Okay, out of the office and out into the city. I’ve always loved visiting London. There’s a constant juxtaposition of history and modernity. Every building has possibly centuries of history and stories, and if not, it’s ultra-sleek and you have to wonder what once stood there 100, 200, or 1000 years ago. Even the oldest cities in the US are 400 years old or so – most are far more recent.

It’s also the little stuff – everything feels like it does back home, and it’s easy to get around because there’s no language barrier (aside from the superfluous u’s), but it still feels like you’ve stepped into a bizarro version of the US (and they would say the same about us). Different TV shows and music, different flavors of chips (sorry, I mean crisps), different beers, different candies and chocolates in the shops. Obvious stuff like needing to look right instead of left when you cross the street (the crosswalks handily point this out so you don’t get squashed). Also, you can always get killer Indian food in London – something we don’t have a lot of back in Denmark! Here are some of the random shots I snapped around the city in May and July.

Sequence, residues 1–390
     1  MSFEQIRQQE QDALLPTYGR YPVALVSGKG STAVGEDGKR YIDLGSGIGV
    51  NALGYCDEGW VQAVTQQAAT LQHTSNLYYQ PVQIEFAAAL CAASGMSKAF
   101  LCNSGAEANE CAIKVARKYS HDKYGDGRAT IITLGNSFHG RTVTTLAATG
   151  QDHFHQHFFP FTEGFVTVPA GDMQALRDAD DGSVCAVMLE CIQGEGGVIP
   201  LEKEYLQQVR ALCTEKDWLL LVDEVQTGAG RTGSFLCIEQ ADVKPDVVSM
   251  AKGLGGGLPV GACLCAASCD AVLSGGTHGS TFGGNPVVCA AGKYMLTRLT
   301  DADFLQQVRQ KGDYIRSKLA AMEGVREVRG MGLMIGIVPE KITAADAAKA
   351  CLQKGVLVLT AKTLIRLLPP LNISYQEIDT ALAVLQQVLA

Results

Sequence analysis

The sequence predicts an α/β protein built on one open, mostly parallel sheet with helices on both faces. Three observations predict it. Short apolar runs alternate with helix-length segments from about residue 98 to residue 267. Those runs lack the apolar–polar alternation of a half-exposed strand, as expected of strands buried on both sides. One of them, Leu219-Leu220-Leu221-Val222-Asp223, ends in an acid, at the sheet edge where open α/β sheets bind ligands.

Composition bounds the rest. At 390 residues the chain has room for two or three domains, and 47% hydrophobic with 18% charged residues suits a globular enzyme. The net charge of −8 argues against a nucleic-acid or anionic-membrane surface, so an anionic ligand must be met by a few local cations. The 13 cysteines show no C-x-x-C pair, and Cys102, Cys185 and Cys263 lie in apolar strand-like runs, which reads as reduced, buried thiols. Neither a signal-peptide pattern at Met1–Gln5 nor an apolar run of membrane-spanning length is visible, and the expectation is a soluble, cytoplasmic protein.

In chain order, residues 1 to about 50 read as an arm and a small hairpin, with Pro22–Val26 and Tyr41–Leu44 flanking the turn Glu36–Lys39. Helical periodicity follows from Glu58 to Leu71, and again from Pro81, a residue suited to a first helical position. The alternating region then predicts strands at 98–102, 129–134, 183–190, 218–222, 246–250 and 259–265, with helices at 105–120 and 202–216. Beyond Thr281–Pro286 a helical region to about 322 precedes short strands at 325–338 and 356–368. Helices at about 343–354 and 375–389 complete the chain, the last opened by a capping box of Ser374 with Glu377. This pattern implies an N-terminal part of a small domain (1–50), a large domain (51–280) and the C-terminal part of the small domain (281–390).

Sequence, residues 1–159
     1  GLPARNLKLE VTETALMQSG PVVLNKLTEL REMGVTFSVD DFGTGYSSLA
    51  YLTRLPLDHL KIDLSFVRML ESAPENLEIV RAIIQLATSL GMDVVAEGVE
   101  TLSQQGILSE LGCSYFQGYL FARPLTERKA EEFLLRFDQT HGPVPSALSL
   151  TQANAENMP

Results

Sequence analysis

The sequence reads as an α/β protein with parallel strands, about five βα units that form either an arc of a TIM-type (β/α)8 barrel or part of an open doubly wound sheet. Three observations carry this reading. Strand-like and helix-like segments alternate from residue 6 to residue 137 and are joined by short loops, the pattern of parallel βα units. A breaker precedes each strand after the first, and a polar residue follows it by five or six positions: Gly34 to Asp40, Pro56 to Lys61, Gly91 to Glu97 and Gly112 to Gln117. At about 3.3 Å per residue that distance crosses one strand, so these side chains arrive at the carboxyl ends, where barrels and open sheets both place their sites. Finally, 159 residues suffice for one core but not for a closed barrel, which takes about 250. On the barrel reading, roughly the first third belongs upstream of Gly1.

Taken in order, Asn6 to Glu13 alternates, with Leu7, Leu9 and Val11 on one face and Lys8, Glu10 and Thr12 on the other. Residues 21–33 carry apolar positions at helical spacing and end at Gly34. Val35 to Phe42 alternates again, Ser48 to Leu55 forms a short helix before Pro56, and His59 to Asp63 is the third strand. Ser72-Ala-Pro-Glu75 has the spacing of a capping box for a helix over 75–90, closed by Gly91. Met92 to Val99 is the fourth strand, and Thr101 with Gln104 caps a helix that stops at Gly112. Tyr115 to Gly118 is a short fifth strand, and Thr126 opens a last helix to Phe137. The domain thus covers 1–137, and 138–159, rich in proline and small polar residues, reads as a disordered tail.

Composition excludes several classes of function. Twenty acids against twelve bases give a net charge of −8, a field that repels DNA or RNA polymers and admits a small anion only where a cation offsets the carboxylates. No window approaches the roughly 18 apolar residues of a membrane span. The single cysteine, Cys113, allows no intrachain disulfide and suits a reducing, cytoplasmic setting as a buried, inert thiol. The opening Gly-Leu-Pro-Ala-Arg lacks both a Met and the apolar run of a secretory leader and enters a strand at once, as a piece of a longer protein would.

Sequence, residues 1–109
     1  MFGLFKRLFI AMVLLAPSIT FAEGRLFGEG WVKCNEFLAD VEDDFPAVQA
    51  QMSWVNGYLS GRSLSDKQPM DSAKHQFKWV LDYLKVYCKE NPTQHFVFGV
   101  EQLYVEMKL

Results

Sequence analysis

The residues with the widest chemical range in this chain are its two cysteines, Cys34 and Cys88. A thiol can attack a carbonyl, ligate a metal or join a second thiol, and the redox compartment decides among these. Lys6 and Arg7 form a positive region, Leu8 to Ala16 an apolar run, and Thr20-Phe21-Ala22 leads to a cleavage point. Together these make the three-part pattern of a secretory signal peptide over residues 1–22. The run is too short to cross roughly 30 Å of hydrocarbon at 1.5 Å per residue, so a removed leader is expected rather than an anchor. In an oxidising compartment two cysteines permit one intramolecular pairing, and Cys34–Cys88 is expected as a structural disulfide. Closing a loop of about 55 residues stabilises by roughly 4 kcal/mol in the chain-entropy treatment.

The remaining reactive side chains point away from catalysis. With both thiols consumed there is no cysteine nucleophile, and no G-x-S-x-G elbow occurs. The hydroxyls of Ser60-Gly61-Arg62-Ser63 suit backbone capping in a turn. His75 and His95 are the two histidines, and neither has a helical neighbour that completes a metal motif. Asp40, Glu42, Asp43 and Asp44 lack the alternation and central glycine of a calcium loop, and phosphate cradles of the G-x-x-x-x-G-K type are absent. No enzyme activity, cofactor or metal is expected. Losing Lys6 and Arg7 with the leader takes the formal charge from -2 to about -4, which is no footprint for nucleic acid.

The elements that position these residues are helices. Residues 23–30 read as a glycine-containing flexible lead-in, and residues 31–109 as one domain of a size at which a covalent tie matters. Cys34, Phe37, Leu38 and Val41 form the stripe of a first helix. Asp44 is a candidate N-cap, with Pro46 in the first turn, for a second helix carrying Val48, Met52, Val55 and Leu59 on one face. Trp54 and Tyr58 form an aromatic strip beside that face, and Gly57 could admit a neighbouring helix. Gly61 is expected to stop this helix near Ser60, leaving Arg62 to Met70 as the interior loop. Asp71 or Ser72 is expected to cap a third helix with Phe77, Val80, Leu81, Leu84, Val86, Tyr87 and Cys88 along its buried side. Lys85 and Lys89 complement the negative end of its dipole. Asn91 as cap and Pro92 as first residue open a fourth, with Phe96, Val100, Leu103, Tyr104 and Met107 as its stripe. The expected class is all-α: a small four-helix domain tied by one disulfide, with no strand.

I had a quick 2-day trip to Helsinki in the spring for work. Although most of the time was spent at the offices we were visiting, I did get a chance to walk around downtown one evening and had a meal that more than met my expectations of hearty Finnish cuisine.

Like other Scandinavian cities I’ve visited, Helsinki is very clean. Wide streets, not a lot of traffic. The architecture I saw downtown had the classical look I’ve come to expect from European cities, but there was a minimalism and simplicity to the buildings as well. No big surprise that the city used to double for the USSR in movies shot during the Cold War!

My co-workers are as food-adventurous as I am, so we found a restaurant called Lappi which serves traditional Lappish food. Lapland is the northernmost region of Finland, so we were expecting real stick-to-your-ribs-cause-its-way-below-freezing type food. And reindeer. And alcohol. And we got all three!

The restaurant looked like a cozy wooden lodge inside – meget hyggeligt, as you’d say in Danish. Rustic wooden decor, exposed beams, and the whole place warmed up with woolen blankets and fires in the fireplaces. Sven and Kristof from Frozen would have been right at home.